‘Burt Wonderstone’: Has Carell made the most of post-'Office’ life?

‘Burt Wonderstone’: Has Carell made the most of post-'Office’ life?
Steve Carell in “The Incredible Burt Wonderstone.”
(John P. Johnson / AP)

Steve Carell left “The Office” for the same reason most actors do: to concentrate on a film career.

In theory it should be a straightforward path: An actor, having both cut his teeth on a role and built a fan base, can devote the time to exploring all the avenues he couldn’t explore when he was shooting a few dozen episodes each year.

In reality, of course, it’s not an easy transition. Episodic television allows for, and rewards, the ability to develop a single persona over time. Michael Scott at his most blowhard-y can become Michael Scott the great sympathetic, moving one way and then another over a period of years. A rich feature career requires defining a set of traits quickly, then shifting abruptly for a new role, then doing it all over again.


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Carell’s been no exception to this rule. The latest evidence is the magician-centric “The Incredible Burt Wonderstone,” which sputtered both with critics and audiences this weekend — it opened to barely $10 million — showing just how tough the switch can be.

But Carell’s recent movie roles haven’t all been disappointments, have they? In the spirit of March Madness, we decided to pit the actor’s most recent four movies -- the ones that came out after he left “The Office” in 2011 -- against the final four films released when he was still on the show. We looked at a mix of critical and commercial metrics, but also more intangible factors — such as: “Did we see him do something he’d never done before?” (No RPI, though.)


Herewith, are our eminently arguable findings.

The First Four:

“Date Night.” Love the gusto in tackling an adventure-comedy in the big bad city, like a young Elisabeth Shue. But Carell as uptight-straight man is a role we’ve seen many—including him--do better elsewhere. Grade: C+

“Dinner for Schmucks.” You have to give Carell credit for trying. It’s not everyone who can play a cluelessly outgoing nerd who makes mouse models. Or even tries. Trying is also something that could be said of this remake of a hit French farce, which came and went quickly. Grade: C+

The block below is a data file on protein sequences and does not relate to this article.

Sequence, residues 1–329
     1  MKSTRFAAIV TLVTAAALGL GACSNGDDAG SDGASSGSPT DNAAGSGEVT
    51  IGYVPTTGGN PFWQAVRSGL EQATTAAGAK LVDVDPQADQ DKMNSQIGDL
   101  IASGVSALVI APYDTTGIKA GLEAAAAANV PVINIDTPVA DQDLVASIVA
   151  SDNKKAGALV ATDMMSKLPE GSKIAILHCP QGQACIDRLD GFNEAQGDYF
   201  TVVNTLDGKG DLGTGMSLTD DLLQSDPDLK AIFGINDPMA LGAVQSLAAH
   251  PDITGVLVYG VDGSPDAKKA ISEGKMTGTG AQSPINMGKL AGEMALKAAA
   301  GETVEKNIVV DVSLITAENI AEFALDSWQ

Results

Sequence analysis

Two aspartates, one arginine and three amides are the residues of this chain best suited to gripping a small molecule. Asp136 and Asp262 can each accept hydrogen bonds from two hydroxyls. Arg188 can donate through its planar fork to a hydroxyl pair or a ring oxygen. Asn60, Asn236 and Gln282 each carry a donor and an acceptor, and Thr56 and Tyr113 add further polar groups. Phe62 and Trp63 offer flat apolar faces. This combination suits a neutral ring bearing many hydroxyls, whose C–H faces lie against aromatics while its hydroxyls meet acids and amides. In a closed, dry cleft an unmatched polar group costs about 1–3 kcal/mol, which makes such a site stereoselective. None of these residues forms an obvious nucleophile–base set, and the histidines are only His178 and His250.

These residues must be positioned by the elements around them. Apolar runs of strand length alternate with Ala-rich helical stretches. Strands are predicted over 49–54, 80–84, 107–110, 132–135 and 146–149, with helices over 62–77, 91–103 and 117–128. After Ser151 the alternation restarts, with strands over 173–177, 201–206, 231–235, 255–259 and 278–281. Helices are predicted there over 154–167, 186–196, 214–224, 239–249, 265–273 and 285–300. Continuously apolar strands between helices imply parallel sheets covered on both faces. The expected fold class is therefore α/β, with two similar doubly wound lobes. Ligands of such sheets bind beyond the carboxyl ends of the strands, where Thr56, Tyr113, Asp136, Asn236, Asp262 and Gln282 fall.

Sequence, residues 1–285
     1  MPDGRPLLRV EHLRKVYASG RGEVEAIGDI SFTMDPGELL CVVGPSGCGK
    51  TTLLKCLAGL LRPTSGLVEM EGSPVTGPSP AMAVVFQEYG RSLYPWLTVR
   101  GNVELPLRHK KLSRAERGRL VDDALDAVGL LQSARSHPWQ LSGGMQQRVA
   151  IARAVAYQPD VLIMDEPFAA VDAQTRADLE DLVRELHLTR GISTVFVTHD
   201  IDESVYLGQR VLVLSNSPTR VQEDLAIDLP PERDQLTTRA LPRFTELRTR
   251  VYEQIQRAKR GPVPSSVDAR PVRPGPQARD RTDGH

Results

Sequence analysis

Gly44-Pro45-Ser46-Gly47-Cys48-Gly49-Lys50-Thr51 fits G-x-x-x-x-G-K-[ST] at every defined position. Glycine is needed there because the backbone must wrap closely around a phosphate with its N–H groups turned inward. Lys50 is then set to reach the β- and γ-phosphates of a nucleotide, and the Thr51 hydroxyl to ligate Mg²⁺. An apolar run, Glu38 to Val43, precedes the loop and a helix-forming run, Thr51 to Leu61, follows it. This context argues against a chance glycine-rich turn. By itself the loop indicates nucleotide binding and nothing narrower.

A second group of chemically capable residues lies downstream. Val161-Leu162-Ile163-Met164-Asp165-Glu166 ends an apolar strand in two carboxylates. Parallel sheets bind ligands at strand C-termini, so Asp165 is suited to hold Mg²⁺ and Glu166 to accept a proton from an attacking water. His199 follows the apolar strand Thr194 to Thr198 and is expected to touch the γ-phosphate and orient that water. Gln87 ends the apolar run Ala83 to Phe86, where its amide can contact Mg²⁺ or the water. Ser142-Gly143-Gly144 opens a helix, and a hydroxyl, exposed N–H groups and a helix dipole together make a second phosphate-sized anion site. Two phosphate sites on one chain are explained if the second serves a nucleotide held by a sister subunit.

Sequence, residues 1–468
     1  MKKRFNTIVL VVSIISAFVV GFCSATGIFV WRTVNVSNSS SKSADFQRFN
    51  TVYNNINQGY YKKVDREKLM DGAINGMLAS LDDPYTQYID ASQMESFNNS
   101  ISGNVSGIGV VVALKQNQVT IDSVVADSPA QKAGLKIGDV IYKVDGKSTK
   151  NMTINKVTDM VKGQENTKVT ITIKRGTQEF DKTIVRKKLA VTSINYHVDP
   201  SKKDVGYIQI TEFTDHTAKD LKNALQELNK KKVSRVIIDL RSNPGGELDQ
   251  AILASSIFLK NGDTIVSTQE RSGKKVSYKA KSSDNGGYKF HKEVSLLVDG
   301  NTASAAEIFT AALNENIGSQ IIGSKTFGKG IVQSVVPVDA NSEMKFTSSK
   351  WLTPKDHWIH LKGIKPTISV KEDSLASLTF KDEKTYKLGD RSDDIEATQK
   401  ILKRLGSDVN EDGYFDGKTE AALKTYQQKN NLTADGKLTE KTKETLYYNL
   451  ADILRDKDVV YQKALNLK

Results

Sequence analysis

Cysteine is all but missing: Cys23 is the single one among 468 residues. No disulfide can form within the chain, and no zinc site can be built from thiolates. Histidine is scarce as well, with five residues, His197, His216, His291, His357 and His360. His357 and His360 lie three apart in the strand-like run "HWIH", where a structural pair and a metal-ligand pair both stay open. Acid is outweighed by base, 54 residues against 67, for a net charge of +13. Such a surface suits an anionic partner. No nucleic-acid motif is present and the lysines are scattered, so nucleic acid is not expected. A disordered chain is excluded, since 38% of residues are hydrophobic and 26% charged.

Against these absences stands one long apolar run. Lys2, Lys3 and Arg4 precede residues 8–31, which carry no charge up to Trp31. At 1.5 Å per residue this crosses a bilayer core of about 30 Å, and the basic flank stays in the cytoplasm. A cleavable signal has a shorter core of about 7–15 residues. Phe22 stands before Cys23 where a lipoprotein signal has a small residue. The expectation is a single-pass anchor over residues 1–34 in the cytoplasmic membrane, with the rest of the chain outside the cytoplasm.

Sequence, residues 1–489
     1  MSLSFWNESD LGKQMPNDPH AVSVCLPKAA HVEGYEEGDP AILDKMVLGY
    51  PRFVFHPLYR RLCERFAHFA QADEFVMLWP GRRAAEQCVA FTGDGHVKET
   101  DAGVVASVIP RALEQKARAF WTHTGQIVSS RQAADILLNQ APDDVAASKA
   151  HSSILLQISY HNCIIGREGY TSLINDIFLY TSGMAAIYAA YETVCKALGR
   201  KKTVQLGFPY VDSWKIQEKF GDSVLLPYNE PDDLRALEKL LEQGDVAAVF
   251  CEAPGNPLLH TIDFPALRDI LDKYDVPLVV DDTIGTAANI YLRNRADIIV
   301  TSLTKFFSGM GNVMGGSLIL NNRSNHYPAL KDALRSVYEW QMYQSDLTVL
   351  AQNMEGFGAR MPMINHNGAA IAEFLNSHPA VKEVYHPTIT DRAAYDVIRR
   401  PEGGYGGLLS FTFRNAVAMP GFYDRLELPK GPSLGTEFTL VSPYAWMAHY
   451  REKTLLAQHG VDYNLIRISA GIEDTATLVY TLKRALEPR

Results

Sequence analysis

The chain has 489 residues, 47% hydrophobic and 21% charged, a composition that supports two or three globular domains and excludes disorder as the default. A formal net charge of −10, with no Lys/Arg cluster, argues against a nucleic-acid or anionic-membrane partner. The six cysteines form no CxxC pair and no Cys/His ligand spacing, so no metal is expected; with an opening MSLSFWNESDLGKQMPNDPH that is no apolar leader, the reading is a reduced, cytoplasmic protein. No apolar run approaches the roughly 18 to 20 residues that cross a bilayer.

“Dan In Real Life.” The Carell we hoped we’d get when we heard he was leaving “The Office.” In Peter Hedges’ underappreciated 2007 widower dramedy, Carell was subtle and touching, his low-key approach to comedy made more enjoyable by the chaos all around him. It wasn’t a great movie, but Carell was great in it. Grade: A

“Get Smart.” OK, so there are better remakes of classic comedies. And maybe Carell-Hathaway weren’t the best pairing to bring this one back. But if you saw it on a plane, at least you wouldn’t walk out. Grade: B-


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The Final Four:

“Seeking a Friend at the End of the World.” It must have seemed like a good idea at the time: Take an end of-the-world sci-fi concept and make it about, you know, the people. What we ended up with, unfortunately, was some of the same cliched navel-gazing and oddball romance of a hundred other offbeat indie-ish films. And the movie called on few skills in Carell’s arsenal we hadn’t seen before, either. Grade: C-

“Hope Springs.” Having Meryl Streep in your movie can be a mixed blessing. It automatically gives your film a degree of credibility. But it also means everyone else has to up their game. Carell wasn’t bad as a therapist to a struggling couple. But he wasn’t hugely funny, nor was he a dramatic tour de force. Grade: B-

“The Incredible Burt Wonderstone:” We got to see the wild over-the-top Carell, and we got to see the humble sweet Carell. Unfortunately we didn’t get to see much in between. Nuance wasn’t the only thing lacking — so were the filmgoers. After a tepid weekend at the box office, the movie, and Carell’s performance in it, are on the road to being forgotten pretty quickly. Grade: C-

“Crazy, Stupid, Love.” The gem of the post-"Office” bunch: the most lucrative and also one of the best-regarded. His nice-guy didn’t go docile like “Friend at the End of the World,” but it didn’t go over-the-top Will Ferrell like “Burt Wonderstone.” He was aided by a persuasive Ryan Gosling performance, but still. Grade: A-

Which leaves us with:


Average “Office-"era score: B-

Average post-"Office” score: C+

So the overall averages are actually down in the time since he left the show. And they’d be down further if you compared them to pre-“Office” movies like “The 40-Year-Old Virgin.”

But there’s good news: Carell has two juicy parts coming up, a straight-up drama as John du Pont in the wrestling-murder tale “Foxcatcher,” and a surefire career-restarter as party-in-his-pants weatherman Brick Tamland, another doozy of a role he inaugurated pre-Michael Scott. It’s been a bit of a disappearing act, lately, but c’mon, Carell’s pulled rabbits out of hats before.


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Steve Carell-Ryan Gosling bromance in ‘Crazy, Stupid, Love.”

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